There's nothing in it that regular readers will not have encountered before but it's an encouraging read and I really like the way it starts:
Why meditate? On one level, meditation is a tool. It can help combat stress, fosters physical health, helps with chronic pain, can make you sleep better, feel happier, be more peaceful, as well as be present. But on a deeper level, meditation is a doorway into the unknown. It can help us get a sense of the mystery of who we are.
Sadly, some people really don't want to know who they are. I think that's tragic. The beauty of meditation is that, in addition to giving us self-knowledge, it also gives us the tools not to be overwhelmed by that awareness.

Thursday, June 26, 2008

The power of visualization

I've used the following illustration many times in Session 4 of the Foundations class during which we discuss and practice visualization:
Another supportive series of tests were conducted by the University of Chicago. These and many similar tests show how our subconscious computer actually creates the reality for which it is programmed. Three test groups of subjects took part in a mental programming experiment based upon shooting a basketball. All the participating students were tested as to their individual basket-shooting ability and the results were tabulated.

Group one was told, “Don’t play any basketball for a month. In fact, just forget about basketball for the entire month.” Group Two was told, “You are each to practice shooting baskets for one full hour a day, everyday, for the month.” Group Three was told, “You are to spend one hour a day imagining you are successfully shooting baskets. Do this each day for the month. Fantasize yourself at being successful shooting baskets. See every detail of your accomplishments in your mind.”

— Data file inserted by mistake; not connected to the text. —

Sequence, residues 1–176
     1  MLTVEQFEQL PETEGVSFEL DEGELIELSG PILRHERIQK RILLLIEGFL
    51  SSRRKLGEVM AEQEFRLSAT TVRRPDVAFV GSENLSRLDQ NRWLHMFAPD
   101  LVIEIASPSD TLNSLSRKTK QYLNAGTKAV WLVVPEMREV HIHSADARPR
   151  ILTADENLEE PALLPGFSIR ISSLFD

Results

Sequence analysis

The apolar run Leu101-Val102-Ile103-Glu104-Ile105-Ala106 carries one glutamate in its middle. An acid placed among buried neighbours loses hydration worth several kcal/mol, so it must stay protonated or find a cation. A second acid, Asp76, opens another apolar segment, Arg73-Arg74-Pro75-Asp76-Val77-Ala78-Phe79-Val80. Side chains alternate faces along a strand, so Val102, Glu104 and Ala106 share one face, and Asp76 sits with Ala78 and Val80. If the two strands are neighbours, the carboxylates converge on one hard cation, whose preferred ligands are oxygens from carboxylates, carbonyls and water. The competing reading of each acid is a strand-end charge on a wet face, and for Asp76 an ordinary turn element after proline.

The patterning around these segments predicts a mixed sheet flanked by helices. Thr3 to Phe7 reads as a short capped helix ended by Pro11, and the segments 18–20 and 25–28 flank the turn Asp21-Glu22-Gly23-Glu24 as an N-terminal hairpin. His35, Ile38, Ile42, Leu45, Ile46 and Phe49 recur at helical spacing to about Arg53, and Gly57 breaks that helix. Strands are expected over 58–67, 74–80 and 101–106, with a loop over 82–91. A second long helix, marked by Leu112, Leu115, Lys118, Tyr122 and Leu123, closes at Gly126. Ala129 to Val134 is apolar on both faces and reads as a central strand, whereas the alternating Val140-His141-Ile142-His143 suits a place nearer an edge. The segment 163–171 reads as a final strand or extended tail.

One month later, the three groups were again tested as to their basket-shooting ability. The Group One participants, who hadn’t played basketball for a month, tested exactly the same as they did the first time. Group Two, who had been practicing a full hour every day for a month, demonstrated a 24-percent improvement in their basket-shooting ability. Group Three, who had only imagined that they were successfully shooting baskets for an hour each day, tested 23 percent improved in their actual basket-shooting ability—only one percentage point less than the group that had actually been practicing.
I was taught "mental practicing" when I was a music student. This stuff actually works!

(I found it here, by the way.)

Tuesday, June 24, 2008

True friendship

The friend who can be silent with us in a moment of despair or confusion, who can stay with us in an hour of grief and bereavement, who can tolerate not knowing, not curing, not healing, and face us with the reality of our powerlessness, that is the friend who cares.

-- Henri Nouwen

Monday, June 23, 2008

I want to recommend a really terrific article on the importance of true empathy and how to cultivate it. Unfortunately, there's not really a good way to excerpt this article so I'm going to ask you to go read the whole thing. (It's not very long!) It's on the CNN website and is called "Empathy deficit disorder -- do you suffer from it?"

Sunday, June 22, 2008

Follow your dream

When you stop having dreams and ideals - well, you might as well stop altogether.